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on the small screen, reviews

“Bird Box” full of suspense and action

Sandra Bullock’s Netflix thriller spawned dozens of memes and show references over the holiday, and they continue to bombard social media. Bird Box shows the world turn from normal to apocalyptic in the course of a day, with society now filled with mass suicides and the requisite bogeyman, with a twist – the culprit couldn’t be seen. Critics and viewers compare it to the silent thriller A Quiet Place, however, renaming it to A Blind Place.

Although their storyline is similar, Bird Box still carries its own unique highlights and flaws.

Throughout the movie, flashbacks are added to include background information to the current scenes. The film begins in the present day, with a blindfolded Malorie rowing a boat on a river carrying two blindfolded children. The group attempts to seek a secure environment along with a trio of birds that chirp when the unseen creature is near. If they make eye contact with this invisible being, suicide will be inevitable.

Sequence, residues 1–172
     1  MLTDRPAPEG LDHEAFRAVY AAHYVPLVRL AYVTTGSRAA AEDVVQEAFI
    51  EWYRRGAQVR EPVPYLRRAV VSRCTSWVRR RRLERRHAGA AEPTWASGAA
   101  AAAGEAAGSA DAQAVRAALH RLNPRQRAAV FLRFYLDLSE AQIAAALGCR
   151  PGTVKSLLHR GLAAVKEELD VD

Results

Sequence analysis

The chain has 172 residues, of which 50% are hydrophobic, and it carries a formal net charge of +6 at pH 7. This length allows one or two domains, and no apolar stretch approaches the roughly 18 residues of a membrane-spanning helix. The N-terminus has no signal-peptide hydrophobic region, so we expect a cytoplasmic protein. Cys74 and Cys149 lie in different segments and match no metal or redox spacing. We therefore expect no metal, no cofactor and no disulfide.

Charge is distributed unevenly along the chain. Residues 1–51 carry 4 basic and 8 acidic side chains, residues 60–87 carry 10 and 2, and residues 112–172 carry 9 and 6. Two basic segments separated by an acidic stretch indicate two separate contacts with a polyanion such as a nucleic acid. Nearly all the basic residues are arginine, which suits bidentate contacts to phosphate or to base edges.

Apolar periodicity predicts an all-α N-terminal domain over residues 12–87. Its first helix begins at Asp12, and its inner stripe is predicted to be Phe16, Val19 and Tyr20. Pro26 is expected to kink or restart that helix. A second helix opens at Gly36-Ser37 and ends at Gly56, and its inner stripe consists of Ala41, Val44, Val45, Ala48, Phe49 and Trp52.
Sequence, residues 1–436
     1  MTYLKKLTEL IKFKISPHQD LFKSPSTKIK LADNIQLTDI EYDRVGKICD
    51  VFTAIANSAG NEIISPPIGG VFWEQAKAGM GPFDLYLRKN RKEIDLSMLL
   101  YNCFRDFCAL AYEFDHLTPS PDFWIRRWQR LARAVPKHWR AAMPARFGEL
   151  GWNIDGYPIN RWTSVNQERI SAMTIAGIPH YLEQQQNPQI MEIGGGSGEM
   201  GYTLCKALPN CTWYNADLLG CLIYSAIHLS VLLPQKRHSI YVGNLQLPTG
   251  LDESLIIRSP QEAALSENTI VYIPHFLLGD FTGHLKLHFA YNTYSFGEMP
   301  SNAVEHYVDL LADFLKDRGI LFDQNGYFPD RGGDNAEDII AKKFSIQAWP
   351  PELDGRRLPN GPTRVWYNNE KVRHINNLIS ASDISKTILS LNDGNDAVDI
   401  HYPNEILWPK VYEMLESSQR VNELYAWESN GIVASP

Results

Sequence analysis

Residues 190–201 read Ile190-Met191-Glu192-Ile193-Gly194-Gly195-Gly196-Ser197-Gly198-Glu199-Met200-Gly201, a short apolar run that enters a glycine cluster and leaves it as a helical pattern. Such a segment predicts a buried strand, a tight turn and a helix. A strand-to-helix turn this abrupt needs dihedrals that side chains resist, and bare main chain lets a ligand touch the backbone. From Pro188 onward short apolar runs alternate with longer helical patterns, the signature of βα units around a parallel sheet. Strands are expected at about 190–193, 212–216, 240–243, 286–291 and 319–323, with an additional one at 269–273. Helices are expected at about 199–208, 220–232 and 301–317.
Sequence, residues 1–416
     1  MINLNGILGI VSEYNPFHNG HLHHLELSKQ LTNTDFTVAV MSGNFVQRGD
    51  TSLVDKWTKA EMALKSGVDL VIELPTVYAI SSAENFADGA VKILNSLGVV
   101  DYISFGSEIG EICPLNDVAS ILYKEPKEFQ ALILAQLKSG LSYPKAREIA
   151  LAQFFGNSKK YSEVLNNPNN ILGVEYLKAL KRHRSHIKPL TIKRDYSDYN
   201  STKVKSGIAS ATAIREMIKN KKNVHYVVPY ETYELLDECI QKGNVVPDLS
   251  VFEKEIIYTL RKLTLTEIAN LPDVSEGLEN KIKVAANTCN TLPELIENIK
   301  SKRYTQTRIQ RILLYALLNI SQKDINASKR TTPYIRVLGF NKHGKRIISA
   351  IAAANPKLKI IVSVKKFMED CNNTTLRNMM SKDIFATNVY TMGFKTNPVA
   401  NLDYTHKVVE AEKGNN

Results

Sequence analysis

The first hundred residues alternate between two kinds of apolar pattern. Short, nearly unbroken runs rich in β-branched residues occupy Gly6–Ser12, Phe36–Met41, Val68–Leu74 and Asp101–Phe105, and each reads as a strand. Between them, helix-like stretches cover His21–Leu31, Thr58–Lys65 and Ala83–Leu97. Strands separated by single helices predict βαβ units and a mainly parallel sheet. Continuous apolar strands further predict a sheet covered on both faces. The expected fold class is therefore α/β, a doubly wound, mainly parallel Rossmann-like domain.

The camera work was phenomenal and brought out some amazing graphic details; in addition, the movie had an exceptional storyline overall. The movie also had amazing shots above the river as well as some scenes focusing the camera’s view through Malorie’s blue mesh blindfold.

Bird Box includes bold characters played by excellent award-winning actors that performed believable roles.

The film was equally fascinating and terrifying to watch until the ending, which was an abrupt disappointment. Possibly producers are leaving an opening for a sequel, but that doesn’t excuse an ending that just doesn’t fit the mastery of the rest of the movie. Despite the ending, I would recommend Netflix’s Bird Box to everyone ages 13 and up.

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